“They’re all trayless now? Oh no!” lamented Rafael Grinberg ’12. To the entering freshmen, the absence of trays in the Whitman College dining hall may not be unusual, but for those like Grinberg, who was among a vocal few against trayless dining, it means that the battle has been lost.
Greening Princeton, a student group that promotes environmentally friendly programs on campus, proposed trayless dining to Dining Services in 2009. Trayless not only would decrease water usage, the group said, but also would reduce food waste, since students would be more mindful of how many plates they could carry.
As trayless dining spread across campus dining halls — from Forbes to Butler/Wilson, then to Rocky/Mathey, and finally to Whitman — student support grew. For Elizabeth Cook ’13, trays are awkwardly large: “They’re an encumbrance both in trying to balance and in sitting at a table with others.” Student workers in the dining halls say trayless dining makes for an easier job. “There’s less to clean and refill,” said Marcos Lanio ’13, a student captain in the Rocky/ Mathey dining hall.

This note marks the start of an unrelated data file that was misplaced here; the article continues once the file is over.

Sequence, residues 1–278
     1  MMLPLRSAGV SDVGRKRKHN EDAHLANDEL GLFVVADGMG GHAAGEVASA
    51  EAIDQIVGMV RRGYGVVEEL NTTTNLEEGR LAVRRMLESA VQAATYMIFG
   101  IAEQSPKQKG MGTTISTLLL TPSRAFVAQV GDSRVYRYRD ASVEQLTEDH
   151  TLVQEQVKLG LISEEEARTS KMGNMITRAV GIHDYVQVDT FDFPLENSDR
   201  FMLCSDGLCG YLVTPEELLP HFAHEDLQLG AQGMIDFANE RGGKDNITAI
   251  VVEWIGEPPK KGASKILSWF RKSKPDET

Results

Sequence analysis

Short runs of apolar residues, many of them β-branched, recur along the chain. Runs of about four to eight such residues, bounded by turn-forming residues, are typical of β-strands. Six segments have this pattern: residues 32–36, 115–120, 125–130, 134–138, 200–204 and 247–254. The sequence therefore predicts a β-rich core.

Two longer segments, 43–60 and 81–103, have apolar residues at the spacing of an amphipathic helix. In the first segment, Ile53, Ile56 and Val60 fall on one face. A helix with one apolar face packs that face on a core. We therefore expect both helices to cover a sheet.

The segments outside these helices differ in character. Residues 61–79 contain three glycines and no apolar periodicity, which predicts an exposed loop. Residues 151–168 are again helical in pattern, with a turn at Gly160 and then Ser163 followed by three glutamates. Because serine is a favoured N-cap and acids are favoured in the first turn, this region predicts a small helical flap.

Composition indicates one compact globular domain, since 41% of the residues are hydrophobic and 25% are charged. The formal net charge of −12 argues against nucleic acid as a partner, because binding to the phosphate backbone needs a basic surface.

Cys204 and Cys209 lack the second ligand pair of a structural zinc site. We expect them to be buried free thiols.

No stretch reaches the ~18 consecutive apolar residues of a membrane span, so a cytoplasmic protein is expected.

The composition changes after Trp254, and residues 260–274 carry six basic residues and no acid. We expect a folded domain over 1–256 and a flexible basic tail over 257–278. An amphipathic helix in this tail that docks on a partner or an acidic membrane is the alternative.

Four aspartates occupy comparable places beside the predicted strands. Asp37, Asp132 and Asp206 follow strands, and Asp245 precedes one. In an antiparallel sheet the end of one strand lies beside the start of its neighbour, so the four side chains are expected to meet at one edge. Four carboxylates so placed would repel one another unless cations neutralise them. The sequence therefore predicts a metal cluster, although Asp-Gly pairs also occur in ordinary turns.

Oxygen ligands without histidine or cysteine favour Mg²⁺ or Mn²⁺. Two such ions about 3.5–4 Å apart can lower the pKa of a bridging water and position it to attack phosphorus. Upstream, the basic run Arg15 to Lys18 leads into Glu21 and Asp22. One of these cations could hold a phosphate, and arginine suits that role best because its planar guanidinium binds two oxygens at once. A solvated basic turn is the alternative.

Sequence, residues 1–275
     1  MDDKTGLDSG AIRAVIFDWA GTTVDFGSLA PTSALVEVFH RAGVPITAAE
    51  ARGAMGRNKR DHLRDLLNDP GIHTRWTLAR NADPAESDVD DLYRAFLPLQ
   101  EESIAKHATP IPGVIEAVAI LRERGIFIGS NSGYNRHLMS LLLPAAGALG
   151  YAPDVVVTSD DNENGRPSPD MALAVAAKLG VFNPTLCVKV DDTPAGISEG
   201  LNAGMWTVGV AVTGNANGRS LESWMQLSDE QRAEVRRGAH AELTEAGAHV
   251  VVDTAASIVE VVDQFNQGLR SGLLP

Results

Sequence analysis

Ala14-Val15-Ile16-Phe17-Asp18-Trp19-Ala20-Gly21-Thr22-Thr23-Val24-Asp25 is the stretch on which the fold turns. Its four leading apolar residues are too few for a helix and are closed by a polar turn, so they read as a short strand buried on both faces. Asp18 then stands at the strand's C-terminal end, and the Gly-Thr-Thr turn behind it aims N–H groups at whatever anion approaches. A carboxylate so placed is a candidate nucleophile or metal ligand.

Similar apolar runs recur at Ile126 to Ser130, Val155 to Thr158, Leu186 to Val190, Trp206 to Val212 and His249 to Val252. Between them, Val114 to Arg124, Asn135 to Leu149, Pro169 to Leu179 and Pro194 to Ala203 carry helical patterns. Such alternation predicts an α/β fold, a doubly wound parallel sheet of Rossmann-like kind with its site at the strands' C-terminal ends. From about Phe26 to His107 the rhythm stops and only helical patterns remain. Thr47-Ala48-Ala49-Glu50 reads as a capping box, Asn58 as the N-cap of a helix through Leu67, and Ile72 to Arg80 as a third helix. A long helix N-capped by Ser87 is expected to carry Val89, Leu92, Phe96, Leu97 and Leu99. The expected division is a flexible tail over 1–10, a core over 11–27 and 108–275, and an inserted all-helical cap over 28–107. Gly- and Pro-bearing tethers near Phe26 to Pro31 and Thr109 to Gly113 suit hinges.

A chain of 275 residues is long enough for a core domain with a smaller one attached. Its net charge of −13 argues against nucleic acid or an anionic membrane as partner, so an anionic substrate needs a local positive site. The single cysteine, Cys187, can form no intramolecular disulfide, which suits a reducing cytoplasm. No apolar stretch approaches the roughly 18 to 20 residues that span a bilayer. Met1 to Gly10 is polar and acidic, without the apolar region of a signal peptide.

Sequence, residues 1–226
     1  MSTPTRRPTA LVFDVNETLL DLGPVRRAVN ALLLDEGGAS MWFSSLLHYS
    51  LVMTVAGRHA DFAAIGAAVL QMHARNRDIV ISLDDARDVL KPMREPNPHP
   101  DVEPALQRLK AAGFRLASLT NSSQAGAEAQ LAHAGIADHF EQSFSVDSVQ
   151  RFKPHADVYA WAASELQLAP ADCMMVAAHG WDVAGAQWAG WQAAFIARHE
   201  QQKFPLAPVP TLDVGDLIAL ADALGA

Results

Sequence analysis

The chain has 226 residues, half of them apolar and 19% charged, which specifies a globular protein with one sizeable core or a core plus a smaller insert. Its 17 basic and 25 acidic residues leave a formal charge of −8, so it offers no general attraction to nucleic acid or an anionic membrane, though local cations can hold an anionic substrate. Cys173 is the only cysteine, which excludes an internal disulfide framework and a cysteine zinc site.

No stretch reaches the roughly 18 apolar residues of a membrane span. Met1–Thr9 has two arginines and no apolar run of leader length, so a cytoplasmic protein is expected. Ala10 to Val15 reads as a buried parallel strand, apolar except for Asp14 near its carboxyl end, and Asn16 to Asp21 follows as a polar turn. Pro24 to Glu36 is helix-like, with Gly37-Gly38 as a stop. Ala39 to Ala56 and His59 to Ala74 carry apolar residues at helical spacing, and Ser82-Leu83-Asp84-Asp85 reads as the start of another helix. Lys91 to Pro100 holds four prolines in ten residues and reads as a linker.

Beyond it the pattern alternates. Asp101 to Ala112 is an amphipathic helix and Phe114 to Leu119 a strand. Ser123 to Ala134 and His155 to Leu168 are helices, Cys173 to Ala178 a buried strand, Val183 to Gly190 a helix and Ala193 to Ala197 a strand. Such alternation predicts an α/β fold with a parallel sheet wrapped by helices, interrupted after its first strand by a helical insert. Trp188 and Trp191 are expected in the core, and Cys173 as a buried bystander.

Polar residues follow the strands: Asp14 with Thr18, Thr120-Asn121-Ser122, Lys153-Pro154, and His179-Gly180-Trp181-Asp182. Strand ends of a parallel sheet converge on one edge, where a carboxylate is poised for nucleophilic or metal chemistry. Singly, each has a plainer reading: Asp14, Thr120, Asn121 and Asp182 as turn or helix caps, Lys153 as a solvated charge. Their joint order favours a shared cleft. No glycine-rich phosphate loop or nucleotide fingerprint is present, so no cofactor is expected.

The 2010 report by the Office of Sustainability predicted that trayless dining could decrease energy costs by $4,000 in each dining hall, and there were predictions that food waste could be reduced up to 30 percent as students cut back on taking excess food.
But for Grinberg (who was denied permission to bring his own tray into the dining halls), trayless dining seemed to create as many problems as it solved. “The tables are dirtier because of food spills, and it takes much more water to keep them clean,” he said. “New conveyor belts had to be built in some dining halls to accommodate trayless, and that cost a lot of money.”
The real issue, he said, is the extent to which environmentally friendly trends will limit convenience. “Let’s limit shower time — that would save even more water,” he said wryly.
But now that trayless dining has been served up, only one question remains: What will students sled on in the winter?